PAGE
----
Definition of Project Success
As analyzed by him the following numbers talk a lot about what people think about the success of a project.
In his survey he found that:
- 87.3 percent said that meeting the actual needs of stakeholders is more important than building the system to specification.
- 87.3 percent said that delivering high quality is more important than delivering on time and on budget.
Clearly the majority of the people thought meeting the estimated date, cost and effort is not the top-most criteria for the success of a project. Rather, delivering high quality software that meets the needs of the stakeholders and users is the top most priority.
Fallacy of Estimation
Often we are asked to estimate the size or effort for delivering a project. In the Agile world the requirements are expected to evolve over a period of time so the work to be estimated is often a moving target and changes over time. The “Cone of Uncertainty” and related statistical data shows that the estimation at the beginning, during the project inception can go wrong as much as 4 times than the actuals and becomes better over a period of time as we move along the development lifecycle. While estimation is a necessary evil in most of the software development projects, it makes a lot of sense not to get hung up on spending too much time and effort in trying to be more and more accurate as it can always go wrong because of several unknown unknowns. Even if the scope can be nailed down completely, nobody falls sick from the team during the entire project timeline, the technology choice is as robust as it was assumed and everybody kept their commitments as per the assumptions during the estimation, the estimation can still go wrong.
Consider the following picture. If we need to estimate the length of the line ABC with respect to the base AC and if we know ABC is an equilateral triangle, we can very easily say that it will be double the length of AC.
AB + BC = 2* AC
Take the mid points of each side and join them. Again the side AD + DF + FE + EC is twice as long as the side AC.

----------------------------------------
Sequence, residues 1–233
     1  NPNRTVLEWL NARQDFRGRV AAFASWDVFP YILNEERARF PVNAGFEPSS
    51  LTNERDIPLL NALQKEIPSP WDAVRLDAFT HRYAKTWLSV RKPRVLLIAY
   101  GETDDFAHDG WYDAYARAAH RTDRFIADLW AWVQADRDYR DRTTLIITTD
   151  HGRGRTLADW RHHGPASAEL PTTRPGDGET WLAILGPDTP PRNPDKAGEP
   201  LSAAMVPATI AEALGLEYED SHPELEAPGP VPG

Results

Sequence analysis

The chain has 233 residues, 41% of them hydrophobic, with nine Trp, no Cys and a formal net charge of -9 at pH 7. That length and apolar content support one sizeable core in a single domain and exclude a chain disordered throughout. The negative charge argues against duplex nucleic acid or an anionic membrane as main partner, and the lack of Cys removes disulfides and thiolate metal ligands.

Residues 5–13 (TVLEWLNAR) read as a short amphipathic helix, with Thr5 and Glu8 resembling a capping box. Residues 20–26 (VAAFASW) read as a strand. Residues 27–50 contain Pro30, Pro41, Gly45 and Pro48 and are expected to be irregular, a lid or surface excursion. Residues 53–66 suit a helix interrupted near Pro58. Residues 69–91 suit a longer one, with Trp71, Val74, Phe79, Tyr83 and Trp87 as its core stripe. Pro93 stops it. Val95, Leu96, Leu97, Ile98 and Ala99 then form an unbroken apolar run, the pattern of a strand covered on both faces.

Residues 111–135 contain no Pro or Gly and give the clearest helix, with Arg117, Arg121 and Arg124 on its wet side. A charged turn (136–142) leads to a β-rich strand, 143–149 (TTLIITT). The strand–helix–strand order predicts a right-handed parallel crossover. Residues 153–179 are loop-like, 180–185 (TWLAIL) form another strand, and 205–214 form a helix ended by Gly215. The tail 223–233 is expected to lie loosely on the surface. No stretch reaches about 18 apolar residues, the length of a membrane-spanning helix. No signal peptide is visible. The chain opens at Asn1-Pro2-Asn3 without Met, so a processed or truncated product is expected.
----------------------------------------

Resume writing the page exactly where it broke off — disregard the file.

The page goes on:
You can go ahead and continue this process for ‘n’ number of times. More number of times you divide the equilateral triangles as indicated, you get closer and closer to the base line AC and slowly the line above becomes impossible to be differentiated from the line AC. BUT even if you continue this process for a million times, the length of the line above will still remain to be twice as long as the base AC.
If you are estimating the length of the line above after doing this operation a million times, whereas the actual line is the base AC, you will always perform 100% under estimation assuming both the lines are of same length. You can’t figure out by any scale that the above line is double the length of the base line AC.
Estimation is required for planning and tracking but too much time and effort spent on it as well as too many dependencies on the estimated values are wasteful and may turn out to be very risky. The best approach for project execution will be to define a small piece of the work, estimate, design, code, and test the piece of work and get feedback from the client. And then pick up of the next small piece of work. That way the inherent risk of estimation error, complexity and unknown unknowns’ impact can be reduced considerably.
Alliance Agile Framework enables the work to be divided in a series of user stories which are then prioritized along with the customer for bringing in early and faster business value. Our approach focuses more on “Being Agile” instead of “Doing Agile”. The focus we have in our Agile Development Framework is on delivering business value instead of following prescriptive Agile processes where the team starts being Agile rather than doing Agile. While estimation is a part of the process, it just provides high level indicators for planning and tracking.
As the team gains more knowledge about the system and various contextual aspects the plan is reviewed along with the estimation for reduction in the variance of the delivery plan and the actuals. In an Agile project, estimation & planning is considered to be a just-in-time process instead of a big upfront waste of time and effort at the beginning of the project.